When interpreting our results, it is appropriate to realize a number of caveats. First, we chose to perform only transverse axial screw pullout in our test because the change in thread design was most likely to affect transverse shear across the screw surface. However, pedicle screws in vivo are exposed to complex multiaxial cyclic loads (7,12). To more closely simulate in vivo loads, some researchers prefer to perform axial pullout tests after first cyclically loading the screws in the sagittal plane, whereas others subject pedicle screws to simultaneous sagittal and axial cyclic loads to create a rotational moment resulting in screw pullout (7,12). It remains unclear how closely these various methods of cyclic loading actually simulate in vivo fatigue loads on the pedicle screws. Cyclic loading of the two screw types was not performed in our study, and it remains to be determined whether a significant difference exists between the two screws' performances after cyclic loading. However, it is unlikely that a major difference in screw performance will exist during complex cyclic loading when no significant difference can be found during simple axial screw testing. Second, our experiment was conducted on embalmed elderly spine specimens. Because of lower costs and greater availability, embalmed spines have been used to conduct several recent pedicle screw pullout studies (9,22–25). McElhaney et al. (26) have shown that embalmed beef long bones have decreased compressive strength but unchanged tensile strength when compared with fresh beef long bones. However, in the pullout performance of an implant, any embalming effects appear to be minor. Prior studies have shown that screws placed into embalmed human spines have pullout strengths similar to those placed into osteoporotic fresh human spines (24). Consistent with this, our pullout values are similar to those found for 6.5-mm Steffee pedicle screws implanted in fresh elderly osteoporotic vertebrae (13). Consequently, we believe that embalmed spines are an adequate testing platform for biomechanical screw testing.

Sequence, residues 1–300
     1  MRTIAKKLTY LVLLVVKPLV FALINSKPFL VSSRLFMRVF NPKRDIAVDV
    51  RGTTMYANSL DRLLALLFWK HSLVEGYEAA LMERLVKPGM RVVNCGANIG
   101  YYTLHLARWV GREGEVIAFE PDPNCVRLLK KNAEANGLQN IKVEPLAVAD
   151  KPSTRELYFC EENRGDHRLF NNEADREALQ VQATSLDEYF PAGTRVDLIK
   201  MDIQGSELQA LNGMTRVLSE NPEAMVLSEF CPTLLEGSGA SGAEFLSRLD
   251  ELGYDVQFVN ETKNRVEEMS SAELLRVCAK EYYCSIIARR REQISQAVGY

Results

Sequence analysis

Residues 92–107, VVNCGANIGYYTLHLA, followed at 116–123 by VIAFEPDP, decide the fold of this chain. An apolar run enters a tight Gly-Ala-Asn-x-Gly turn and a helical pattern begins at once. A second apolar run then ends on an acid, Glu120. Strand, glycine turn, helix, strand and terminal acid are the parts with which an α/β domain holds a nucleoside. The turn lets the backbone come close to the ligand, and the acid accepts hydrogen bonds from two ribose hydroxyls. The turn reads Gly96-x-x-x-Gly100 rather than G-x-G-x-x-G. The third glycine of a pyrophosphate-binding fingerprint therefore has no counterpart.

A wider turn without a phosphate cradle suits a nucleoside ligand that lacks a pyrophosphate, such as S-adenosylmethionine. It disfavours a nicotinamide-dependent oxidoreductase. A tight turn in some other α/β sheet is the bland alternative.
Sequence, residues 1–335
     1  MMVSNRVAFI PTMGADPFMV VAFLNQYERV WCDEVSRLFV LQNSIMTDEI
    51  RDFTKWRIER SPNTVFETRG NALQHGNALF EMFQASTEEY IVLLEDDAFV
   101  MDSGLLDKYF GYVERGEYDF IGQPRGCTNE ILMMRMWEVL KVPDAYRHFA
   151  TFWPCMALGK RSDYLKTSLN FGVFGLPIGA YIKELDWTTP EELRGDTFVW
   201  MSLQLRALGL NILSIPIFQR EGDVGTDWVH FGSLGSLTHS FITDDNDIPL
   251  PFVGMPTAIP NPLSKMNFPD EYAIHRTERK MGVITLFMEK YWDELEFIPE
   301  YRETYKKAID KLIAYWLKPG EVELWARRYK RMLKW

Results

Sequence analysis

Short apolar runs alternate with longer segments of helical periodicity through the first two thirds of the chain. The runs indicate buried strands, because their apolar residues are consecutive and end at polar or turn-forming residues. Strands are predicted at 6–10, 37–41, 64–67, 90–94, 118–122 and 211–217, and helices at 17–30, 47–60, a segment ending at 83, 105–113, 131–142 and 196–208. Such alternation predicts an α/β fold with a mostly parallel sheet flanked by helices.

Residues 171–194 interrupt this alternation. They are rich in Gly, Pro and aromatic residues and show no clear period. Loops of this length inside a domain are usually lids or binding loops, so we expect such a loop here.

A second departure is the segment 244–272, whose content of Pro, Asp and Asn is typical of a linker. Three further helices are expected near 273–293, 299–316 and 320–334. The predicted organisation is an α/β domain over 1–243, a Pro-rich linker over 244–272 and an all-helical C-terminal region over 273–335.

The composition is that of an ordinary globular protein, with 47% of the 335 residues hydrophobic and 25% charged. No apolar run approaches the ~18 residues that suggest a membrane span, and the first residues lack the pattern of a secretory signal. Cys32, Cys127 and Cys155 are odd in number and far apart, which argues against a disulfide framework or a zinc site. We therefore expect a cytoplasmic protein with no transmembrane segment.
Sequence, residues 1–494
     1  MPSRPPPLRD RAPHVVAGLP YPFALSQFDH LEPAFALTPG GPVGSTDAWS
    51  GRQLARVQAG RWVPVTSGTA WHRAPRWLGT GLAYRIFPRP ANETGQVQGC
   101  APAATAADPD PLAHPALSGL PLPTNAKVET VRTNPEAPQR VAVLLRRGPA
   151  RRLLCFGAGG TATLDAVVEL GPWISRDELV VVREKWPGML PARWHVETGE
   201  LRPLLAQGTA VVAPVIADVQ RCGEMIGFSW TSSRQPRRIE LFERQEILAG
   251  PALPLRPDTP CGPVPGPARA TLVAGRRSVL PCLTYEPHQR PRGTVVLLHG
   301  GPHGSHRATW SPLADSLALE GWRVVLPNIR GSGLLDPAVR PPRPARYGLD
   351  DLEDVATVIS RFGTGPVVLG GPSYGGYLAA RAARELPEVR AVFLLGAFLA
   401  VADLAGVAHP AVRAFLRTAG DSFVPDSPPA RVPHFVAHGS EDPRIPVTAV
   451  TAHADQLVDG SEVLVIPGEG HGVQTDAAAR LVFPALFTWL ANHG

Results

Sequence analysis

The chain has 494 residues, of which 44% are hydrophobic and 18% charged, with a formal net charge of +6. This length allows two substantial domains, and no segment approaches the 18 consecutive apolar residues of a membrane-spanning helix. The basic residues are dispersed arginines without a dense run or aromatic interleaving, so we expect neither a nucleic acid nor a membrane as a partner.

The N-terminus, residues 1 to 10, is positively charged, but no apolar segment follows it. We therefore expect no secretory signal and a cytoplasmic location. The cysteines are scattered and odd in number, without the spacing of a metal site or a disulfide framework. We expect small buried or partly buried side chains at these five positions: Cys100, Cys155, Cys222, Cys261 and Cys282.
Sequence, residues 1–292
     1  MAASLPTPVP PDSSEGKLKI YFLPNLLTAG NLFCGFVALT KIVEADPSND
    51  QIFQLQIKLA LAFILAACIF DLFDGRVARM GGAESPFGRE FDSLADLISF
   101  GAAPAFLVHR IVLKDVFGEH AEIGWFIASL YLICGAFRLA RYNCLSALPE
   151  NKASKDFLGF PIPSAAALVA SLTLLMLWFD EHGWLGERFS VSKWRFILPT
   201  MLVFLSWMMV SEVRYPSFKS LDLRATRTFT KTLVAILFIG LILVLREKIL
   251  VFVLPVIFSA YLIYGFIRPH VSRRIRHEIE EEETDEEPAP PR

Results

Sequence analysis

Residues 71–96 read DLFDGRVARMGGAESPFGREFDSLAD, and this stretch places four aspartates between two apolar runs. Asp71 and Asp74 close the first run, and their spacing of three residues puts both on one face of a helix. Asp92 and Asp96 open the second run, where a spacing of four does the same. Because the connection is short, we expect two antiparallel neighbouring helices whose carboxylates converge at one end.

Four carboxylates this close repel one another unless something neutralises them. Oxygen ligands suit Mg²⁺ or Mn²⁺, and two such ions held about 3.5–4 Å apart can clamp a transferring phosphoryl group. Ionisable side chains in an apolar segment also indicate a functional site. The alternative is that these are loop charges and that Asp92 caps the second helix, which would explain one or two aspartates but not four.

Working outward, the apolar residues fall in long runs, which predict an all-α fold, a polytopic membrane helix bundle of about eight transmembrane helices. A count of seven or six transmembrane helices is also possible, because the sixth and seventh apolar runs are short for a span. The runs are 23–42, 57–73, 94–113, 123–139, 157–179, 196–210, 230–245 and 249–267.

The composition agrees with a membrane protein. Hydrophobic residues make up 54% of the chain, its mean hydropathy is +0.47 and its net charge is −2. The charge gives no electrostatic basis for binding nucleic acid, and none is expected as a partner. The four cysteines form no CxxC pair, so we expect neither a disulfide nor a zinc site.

Our study is unique in that it addressed the biomechanical performance of a double-threaded screw with two parallel threads of differing heights throughout the screw shaft. Prior studies focused only on the clinical applications of screws with two, different, nonparallel threads on opposite ends of the screw either to reduce displaced bone fragments or to reduce lumbar spondylolisthesis (16–19). Future alterations in pedicle screw designs will merit further biomechanical testing of new screw types in the years to come.
A second, smaller, inner thread on a double-threaded pedicle screw does not translate into either increased bone purchase or higher pullout strengths in elderly vertebral bone.
The authors thank Pamela Derish for editorial assistance. We also thank Lippincott Williams & Wilkins (Philadelphia, PA, U.S.A.) for permission to modify and use Figure 1. This work was supported in part by an Unrestricted Research Grant from Medtronics Sofamor Danek (Memphis, TN, U.S.A.). The authors have no financial interest in the materials or devices described in this article. This work was supported by University of California, San Francisco; University of California, Berkeley; and an Unrestricted Research Grant from Medtronics/Sofamor Danek.